Steelmakers plan greater use of electric furnaces

The Yomiuri Shimbun
A blast furnace is seen in JFE Steel Corp.’s West Japan Works Kurashiki plant in Kurashiki, Okayama Prefecture, on Dec. 15.

Major steelmakers are stepping up usage of electric furnaces, which emit less carbon dioxide than blast furnaces.

Decarbonization has become an important task for the whole of the steel industry, and the companies are speeding up the shift from blast to electric furnaces and the development of technologies for mass production with electric furnaces as realistic measures until the next generation of steel-making technologies can be established.

Making the switch

JFE Steel Corp. showed its West Japan Works Kurashiki plant to the press on Dec. 15.

The plant is located in an industrial area in Okayama Prefecture facing the Seto Inland Sea, and gray smoke billows out from its blast furnace, which is seen as a symbol of the steel mill.

JFE Steel is considering starting to shift from blast to electric furnaces by halting operations for one of its three blast furnaces and building a new large electric furnace sometime between 2027 and 2030.

It is the first time in Japan that a major steelmaker will switch out a blast furnace for an electric one.

“For decarbonization, it is important how many kinds of steel products we will be able to produce with electric furnaces,” said Masahiro Furukawa, head of the West Japan Works.

To build the new electric furnace, Masashi Terahata, executive vice president of JFE Holdings Inc., said investments worth “tens or hundreds of billions of yen” will be necessary.

JFE Steel plans to raise the output of its electric furnace at its Sendai Works plant in Sendai by 2024.

Such proactive investments in electric furnaces is being driven by strong demands from the government and client companies to actively work toward decarbonization.

Mostly blast furnaces

Traditionally, major steelmakers have laid the strength in their ability to produce high-quality steel using blast furnaces, and they still produce most of their products with such furnaces.

However, coal-burning blast furnaces emit massive amounts of CO2. In fiscal 2020, the total volume of CO2 emissions of the steel industry was 131 million tons, which accounted for nearly 40% of all emissions in the manufacturing sector.

Steelmakers have set a goal of net zero CO2 emissions by 2050, and they are developing next-generation technologies to significantly reduce CO2 emission volumes. These include furnaces that run on hydrogen.

But for now, there is no clear idea of when it will be possible to practically implement these technologies, and steelmakers need other ways to act in the medium term.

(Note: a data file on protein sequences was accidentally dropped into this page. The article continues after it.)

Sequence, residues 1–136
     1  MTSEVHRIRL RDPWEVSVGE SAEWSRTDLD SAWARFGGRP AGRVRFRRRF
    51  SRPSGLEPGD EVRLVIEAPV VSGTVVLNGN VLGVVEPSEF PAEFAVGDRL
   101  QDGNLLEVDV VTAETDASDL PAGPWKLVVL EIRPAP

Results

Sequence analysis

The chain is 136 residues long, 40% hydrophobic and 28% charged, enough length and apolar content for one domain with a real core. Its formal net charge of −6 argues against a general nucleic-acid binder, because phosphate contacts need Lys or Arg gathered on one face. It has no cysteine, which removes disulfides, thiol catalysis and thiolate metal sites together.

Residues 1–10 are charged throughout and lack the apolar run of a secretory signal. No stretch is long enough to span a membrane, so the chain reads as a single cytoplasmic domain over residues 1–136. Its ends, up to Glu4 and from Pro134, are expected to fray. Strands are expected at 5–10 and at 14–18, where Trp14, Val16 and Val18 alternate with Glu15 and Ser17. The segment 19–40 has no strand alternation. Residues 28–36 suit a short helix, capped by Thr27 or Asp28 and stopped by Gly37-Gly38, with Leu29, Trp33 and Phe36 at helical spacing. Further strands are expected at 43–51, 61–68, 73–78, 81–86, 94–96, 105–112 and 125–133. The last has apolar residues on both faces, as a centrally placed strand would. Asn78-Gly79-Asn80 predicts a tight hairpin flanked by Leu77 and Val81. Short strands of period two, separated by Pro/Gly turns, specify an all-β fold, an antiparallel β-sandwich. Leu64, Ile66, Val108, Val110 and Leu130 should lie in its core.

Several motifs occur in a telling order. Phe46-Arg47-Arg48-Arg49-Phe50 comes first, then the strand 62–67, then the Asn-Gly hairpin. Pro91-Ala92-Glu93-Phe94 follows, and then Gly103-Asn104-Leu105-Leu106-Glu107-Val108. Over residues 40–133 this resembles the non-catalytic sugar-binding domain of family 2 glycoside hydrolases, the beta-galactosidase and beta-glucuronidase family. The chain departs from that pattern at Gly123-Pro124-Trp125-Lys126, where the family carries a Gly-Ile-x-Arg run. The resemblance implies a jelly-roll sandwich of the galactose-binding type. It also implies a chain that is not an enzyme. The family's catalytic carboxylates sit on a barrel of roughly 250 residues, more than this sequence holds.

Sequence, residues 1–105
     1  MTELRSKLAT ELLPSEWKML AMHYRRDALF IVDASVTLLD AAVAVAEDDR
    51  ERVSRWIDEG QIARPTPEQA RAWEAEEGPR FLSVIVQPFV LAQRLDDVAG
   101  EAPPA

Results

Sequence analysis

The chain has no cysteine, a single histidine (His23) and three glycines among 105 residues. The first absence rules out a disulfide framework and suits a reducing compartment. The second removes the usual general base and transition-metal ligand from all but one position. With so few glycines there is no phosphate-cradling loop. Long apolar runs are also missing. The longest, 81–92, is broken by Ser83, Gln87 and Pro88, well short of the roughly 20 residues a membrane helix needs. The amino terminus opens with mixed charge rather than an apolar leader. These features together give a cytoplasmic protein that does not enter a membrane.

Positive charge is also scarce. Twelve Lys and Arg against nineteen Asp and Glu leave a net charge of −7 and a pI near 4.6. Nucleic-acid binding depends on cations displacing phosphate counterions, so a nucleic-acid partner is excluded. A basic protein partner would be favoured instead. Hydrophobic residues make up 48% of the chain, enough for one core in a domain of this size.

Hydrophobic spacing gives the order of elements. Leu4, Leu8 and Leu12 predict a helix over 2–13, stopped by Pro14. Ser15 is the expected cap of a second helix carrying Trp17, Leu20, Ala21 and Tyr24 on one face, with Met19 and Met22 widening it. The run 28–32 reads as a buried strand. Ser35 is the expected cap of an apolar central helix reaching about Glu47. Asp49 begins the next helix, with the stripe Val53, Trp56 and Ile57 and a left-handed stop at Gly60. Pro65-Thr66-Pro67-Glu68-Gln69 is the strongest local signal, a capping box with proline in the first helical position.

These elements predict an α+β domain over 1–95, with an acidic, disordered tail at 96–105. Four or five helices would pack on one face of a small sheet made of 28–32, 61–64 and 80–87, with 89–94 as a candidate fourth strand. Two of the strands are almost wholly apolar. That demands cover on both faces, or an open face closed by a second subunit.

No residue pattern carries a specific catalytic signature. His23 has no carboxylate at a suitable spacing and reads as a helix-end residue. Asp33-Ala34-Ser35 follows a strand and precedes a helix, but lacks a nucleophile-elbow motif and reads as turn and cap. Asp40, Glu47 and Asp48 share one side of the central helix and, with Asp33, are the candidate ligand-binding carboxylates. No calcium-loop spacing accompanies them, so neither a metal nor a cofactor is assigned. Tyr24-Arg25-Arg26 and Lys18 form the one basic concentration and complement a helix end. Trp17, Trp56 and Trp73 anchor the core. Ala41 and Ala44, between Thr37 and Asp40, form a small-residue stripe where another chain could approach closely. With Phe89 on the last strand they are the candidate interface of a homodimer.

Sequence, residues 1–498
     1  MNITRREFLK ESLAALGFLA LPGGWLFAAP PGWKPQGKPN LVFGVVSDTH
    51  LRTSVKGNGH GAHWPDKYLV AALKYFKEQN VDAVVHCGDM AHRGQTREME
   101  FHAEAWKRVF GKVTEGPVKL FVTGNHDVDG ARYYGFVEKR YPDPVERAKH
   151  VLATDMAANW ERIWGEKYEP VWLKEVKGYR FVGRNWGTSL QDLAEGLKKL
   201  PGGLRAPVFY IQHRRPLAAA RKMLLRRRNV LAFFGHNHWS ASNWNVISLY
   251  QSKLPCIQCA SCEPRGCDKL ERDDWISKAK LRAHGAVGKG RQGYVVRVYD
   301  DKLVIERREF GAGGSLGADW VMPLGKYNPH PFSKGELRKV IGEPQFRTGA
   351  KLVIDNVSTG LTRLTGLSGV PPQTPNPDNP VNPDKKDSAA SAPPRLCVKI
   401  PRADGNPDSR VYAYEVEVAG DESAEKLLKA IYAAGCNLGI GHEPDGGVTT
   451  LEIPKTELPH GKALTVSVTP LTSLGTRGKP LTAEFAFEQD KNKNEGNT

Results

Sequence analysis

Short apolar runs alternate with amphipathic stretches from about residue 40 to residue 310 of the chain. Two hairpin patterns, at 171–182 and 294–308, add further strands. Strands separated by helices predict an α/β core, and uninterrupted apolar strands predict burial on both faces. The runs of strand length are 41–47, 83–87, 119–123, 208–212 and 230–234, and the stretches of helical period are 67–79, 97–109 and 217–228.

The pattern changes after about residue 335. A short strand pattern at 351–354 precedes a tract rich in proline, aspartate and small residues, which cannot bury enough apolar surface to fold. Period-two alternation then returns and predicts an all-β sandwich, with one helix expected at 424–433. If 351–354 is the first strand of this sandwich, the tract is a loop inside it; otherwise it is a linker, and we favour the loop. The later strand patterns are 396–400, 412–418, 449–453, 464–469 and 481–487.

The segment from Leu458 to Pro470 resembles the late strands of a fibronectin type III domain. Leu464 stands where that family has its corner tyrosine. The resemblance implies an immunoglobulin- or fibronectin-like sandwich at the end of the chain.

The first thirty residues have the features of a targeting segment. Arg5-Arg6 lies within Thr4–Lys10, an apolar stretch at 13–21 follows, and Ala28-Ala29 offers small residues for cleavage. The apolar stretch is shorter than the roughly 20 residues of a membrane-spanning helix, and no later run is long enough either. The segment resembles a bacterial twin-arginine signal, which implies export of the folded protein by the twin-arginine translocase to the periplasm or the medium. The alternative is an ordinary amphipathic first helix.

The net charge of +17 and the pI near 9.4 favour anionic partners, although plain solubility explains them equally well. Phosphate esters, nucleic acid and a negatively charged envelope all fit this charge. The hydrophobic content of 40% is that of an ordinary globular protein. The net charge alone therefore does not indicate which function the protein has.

That is why electric furnaces are attracting attention. Compared with blast furnaces, electric furnaces emit only a quarter as much CO2.

However, electric furnaces melt scrap steel with electrical power, making it easy for impurities to mix into products and causing such products to be regarded as not suitable for automobiles and home electric appliances, which require high-strength, easy to process steel.

Undeterred, steelmakers have committed themselves to boosting their ability to produce steel with electric furnaces as a realistic measure that can be taken using existing technologies.

High-grade steel

In October, Nippon Steel Corp. began commercial operations for a midsize electric furnace at a steel mill in Hyogo Prefecture.

The plant produces high-grade steel that is used to build motors for electric vehicles, among other things, but the furnace can only output one-fifth of what a blast furnace can produce.

The company plans to develop technologies for reducing impurities in scrap steel, and aims to develop a large electric furnace by fiscal 2030 so as to improve production capabilities.

Steel produced by electric furnaces can make for an appealing product due to its smaller carbon footprint, and client companies have high expectations for such steel.

Tokyo Steel Manufacturing Co., a major electric furnace manufacturer, announced in October that its steel products were to be used for parts for Toyota Motor Corp.’s hydrogen-powered racing cars.

“If it becomes possible to mass-produce high-grade steel products with electric furnaces, automobiles and other products will have added value environmentally,” said Shinichiro Ozaki, senior analyst at Daiwa Securities Co. “It will lead to a greater ability to compete on the international stage for all of the nation’s industries.”